Financials

Many remodelers use outdated and ineffective methods of forecasting business. Knowing which numbers to track is a crucial part of managing your company.

Bullish outlook: Biggest remodelers see more growth in 2013

The number of remodeling permits recorded by BuildFax Remodeling Index for the month of August 2012, reached a level previously recorded more than four years ago. Yet another positive sign on the road to recovery for the remodeling industry.

This is the highest point the RMI has reached since the third quarter of 2005, reflecting the positive trends recently seen in the rest of the housing sector.

According to data through June 2012 released by S&P Dow Jones Indices for its S&P/Case-Shiller Home Price Indices, the second quarter of 2012 ended with positive annual housing growth rates for the first time since Summer 2010.

Up to 3 million homeowners could save on mortgages under administration plan

remodeling, home improvement, recovery, Wall Street Journal, spending increase

Remodeling showing signs of recovery

While final numbers have not been released, IHS Global Insight predicts that home improvement spending rose 3.3 percent overall in 2011, according to a Wall Street Journal report.

iPads are making pricing jobs easier and quicker than ever before

Another positive sign for construction industry as homeowners clear their balance sheets

Foreclosure sign

The nation's major banks could be facing at least $17 billion in lawsuits because of improper foreclosure practices, a group of states' attorneys general said Tuesday

Although thousands of homeowners have gotten mortgage modifications under the Making Home Affordable program, it's still well short of the millions the Obama administration hoped to help with the program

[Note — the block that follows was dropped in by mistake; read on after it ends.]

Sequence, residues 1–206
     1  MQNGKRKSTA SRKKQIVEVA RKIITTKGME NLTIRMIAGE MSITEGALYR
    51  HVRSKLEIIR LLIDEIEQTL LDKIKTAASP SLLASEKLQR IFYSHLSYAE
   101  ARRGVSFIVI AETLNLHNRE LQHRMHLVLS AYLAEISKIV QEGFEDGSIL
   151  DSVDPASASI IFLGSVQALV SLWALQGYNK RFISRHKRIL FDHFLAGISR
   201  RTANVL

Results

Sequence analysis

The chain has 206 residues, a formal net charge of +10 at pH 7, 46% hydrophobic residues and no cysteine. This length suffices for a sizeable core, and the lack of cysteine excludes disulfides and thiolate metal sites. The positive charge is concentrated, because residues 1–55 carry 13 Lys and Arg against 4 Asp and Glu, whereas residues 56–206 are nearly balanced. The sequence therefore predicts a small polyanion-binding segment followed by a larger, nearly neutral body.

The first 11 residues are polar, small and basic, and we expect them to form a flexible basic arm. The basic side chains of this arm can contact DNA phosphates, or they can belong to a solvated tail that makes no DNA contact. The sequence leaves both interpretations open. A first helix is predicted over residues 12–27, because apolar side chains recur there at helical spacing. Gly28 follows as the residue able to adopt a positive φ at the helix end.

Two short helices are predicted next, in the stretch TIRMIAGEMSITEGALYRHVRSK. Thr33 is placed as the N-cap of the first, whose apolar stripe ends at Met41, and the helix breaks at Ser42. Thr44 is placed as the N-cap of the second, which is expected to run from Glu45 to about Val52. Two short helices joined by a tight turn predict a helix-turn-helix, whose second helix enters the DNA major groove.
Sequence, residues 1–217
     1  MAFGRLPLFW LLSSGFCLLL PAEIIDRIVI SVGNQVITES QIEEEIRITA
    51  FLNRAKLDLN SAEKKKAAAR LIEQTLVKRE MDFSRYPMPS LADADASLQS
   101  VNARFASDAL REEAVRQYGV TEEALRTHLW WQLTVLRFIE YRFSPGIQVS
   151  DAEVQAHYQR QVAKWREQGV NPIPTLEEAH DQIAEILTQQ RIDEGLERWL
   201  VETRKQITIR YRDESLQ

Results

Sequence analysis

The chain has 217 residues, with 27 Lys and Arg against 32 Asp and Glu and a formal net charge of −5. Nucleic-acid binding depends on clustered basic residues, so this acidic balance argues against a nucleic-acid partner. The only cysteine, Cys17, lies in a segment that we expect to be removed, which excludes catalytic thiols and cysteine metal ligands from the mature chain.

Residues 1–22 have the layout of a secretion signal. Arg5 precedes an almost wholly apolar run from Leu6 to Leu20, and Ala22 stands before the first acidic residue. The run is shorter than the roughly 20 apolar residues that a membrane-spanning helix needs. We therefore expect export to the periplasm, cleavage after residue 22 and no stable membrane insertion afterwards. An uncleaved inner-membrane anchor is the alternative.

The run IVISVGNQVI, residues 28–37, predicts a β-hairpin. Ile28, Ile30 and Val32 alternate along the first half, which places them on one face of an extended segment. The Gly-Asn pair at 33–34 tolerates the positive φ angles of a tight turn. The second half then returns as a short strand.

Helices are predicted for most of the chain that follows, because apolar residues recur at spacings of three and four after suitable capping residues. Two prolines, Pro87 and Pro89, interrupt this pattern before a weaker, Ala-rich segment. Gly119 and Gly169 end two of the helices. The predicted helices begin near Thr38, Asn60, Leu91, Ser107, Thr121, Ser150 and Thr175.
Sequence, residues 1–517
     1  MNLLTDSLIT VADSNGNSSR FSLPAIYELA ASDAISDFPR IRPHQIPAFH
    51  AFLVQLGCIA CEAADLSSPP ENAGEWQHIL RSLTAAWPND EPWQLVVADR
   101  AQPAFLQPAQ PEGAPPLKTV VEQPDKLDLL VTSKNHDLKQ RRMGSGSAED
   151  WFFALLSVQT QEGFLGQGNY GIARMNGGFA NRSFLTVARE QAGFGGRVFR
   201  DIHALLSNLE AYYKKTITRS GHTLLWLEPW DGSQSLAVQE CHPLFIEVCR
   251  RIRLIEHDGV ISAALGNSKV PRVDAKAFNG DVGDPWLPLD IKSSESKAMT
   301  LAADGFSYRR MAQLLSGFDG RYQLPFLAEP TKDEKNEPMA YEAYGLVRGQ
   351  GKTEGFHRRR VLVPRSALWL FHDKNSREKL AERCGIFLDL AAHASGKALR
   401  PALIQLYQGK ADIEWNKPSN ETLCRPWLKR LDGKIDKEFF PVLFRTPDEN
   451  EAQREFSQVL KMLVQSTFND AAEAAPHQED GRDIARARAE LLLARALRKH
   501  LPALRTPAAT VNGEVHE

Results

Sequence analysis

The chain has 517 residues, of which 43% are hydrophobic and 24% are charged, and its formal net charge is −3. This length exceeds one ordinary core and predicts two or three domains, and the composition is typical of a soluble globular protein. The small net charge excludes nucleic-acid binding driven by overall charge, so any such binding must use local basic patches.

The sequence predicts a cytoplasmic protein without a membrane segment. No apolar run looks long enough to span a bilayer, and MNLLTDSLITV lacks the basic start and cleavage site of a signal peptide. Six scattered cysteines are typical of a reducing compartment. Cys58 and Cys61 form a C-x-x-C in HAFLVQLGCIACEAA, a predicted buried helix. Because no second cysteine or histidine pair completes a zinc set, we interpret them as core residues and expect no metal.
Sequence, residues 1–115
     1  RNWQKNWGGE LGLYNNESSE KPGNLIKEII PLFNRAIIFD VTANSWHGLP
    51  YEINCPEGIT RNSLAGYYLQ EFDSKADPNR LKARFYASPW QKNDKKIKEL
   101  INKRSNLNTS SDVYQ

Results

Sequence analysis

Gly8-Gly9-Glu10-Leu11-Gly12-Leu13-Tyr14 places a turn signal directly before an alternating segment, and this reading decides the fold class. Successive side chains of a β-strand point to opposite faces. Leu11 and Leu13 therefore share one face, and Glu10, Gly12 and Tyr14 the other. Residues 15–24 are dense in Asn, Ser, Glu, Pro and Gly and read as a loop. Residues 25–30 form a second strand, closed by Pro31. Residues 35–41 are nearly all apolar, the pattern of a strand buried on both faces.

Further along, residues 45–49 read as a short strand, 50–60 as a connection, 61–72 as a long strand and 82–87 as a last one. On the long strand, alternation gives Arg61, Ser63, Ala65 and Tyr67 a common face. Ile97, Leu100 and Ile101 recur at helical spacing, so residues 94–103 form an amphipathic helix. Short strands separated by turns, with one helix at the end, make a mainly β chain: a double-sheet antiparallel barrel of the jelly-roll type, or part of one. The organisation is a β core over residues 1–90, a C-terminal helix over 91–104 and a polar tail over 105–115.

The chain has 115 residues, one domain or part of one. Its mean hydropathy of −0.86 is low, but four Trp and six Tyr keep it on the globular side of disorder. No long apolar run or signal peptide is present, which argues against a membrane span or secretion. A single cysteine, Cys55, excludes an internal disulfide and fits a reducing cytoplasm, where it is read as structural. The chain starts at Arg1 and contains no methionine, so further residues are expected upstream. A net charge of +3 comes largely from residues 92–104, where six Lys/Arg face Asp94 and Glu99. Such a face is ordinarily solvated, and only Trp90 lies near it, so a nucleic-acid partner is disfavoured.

The inventory of homes for sale rose slightly in March in many metropolitan areas across the nation. According to data compiled by ZipRealty, the listing inventory rose 1.1 percent in 23 metropolitan areas between February and March, after decreasing in both January and February.

A new tax requirement that would have required businesses to file more 1099 paperwork was repealed last week by President Obama. The tougher requirements would have mandated companies to file a 1099 for any individual or company they do more than $600 of business with in a given year.

Bank of America, Wells Fargo, and JP Morgan Chase were among 14 financial institutions to receive penalties last week from the federal government for improper foreclosures. The banks were also ordered to revise their foreclosure procedures. Actions include having enough staff to handle the volume of foreclosures and establishing a single point of contact for borrowers.

Despite the housing bubble and subsequent crash, more than 80 percent of Americans still think buying a home is the best long-term investment a person can make. That's according to a recent Pew Research Center study, which found that 37 percent strongly agreed with that idea and 44 percent somewhat agreed with it.

Construction employment saw an uptick in February, as 141 out of 337 metropolitan areas had increases in construction jobs compared to one year earlier, according to an analysis of federal employment data by the Associated General Contractors of America. Dallas-Plano-Irving, Texas, had the largest increase in jobs, adding 7,500 (8 percent).

Residential construction spending dropped in February, with home improvement spending leading the decline, after an unexpected increase in January.

A Russian billionaire purchased a new home in California for $100 million, the highest known price paid for a single-family home in the U.S. Yuri Milner, who made his fortune investing in enterprises like Facebook and Groupon, built the 25,500-sf French Chateau-style home in Silicon Valley.

The “shadow inventory”—the supply of homes in foreclosure or owned by banks but not yet listed for sale—fell in January, but could affect the housing market as weak sales and prices persist.

The number of second home sales dropped in 2010, but the market share held steady, according to new data released by the National Association of Realtors. The 2011 Investment and Vacation Home Buyers Survey found that sales volume for vacation homes fell 1.8 percent in 2010 from 2009, while the volume for investment homes fell 7.8 percent.

Thirteen percent of all U.S. homes stand vacant, according to U.S. Census Bureau data.

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